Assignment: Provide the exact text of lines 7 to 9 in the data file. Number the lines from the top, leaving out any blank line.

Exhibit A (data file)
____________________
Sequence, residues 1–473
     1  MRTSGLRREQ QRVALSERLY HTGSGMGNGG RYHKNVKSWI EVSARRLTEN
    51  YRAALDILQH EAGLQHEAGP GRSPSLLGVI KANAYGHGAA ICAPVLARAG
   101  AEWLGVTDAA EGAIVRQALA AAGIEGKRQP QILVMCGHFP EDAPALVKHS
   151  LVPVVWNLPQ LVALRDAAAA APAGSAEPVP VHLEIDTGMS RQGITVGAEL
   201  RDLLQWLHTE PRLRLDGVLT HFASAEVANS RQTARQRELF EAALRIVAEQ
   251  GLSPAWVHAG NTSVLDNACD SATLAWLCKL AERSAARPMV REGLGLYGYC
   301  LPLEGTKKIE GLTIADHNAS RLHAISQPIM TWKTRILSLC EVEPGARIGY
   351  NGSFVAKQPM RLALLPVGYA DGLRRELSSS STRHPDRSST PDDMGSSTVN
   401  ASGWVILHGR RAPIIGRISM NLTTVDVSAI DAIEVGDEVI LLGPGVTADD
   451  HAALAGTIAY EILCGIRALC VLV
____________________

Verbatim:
   251  GLSPAWVHAG NTSVLDNACD SATLAWLCKL AERSAARPMV REGLGLYGYC
   301  LPLEGTKKIE GLTIADHNAS RLHAISQPIM TWKTRILSLC EVEPGARIGY
   351  NGSFVAKQPM RLALLPVGYA DGLRRELSSS STRHPDRSST PDDMGSSTVN